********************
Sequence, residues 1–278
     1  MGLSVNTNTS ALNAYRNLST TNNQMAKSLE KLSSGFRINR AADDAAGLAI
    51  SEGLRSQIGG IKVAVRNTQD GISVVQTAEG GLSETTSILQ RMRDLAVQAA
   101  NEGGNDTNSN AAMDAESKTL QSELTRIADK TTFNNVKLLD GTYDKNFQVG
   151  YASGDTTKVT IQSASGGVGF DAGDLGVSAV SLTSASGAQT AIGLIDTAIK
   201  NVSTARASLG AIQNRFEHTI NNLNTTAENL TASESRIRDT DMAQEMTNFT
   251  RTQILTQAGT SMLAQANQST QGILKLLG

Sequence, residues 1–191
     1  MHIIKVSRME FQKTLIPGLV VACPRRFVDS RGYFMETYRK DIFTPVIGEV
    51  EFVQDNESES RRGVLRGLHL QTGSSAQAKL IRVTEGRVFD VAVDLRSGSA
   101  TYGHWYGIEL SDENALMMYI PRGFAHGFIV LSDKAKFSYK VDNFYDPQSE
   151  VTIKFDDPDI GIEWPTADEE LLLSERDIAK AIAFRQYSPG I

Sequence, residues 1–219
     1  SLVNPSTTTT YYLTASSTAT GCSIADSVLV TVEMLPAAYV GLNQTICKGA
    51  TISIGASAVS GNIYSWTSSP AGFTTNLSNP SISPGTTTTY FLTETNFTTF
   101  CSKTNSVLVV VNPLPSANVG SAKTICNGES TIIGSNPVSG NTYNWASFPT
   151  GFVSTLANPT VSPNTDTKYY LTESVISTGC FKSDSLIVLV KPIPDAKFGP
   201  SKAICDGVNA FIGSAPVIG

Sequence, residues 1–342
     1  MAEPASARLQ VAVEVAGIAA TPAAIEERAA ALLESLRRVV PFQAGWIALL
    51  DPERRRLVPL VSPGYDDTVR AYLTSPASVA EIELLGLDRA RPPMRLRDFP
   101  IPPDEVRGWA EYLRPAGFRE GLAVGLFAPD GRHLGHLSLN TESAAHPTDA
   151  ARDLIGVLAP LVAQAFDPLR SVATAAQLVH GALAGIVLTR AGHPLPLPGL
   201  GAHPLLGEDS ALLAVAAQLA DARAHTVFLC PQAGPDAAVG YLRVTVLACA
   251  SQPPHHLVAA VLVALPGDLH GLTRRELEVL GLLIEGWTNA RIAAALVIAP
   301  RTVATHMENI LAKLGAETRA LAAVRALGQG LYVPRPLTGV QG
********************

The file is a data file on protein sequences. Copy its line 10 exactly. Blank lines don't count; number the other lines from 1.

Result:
    51  EFVQDNESES RRGVLRGLHL QTGSSAQAKL IRVTEGRVFD VAVDLRSGSA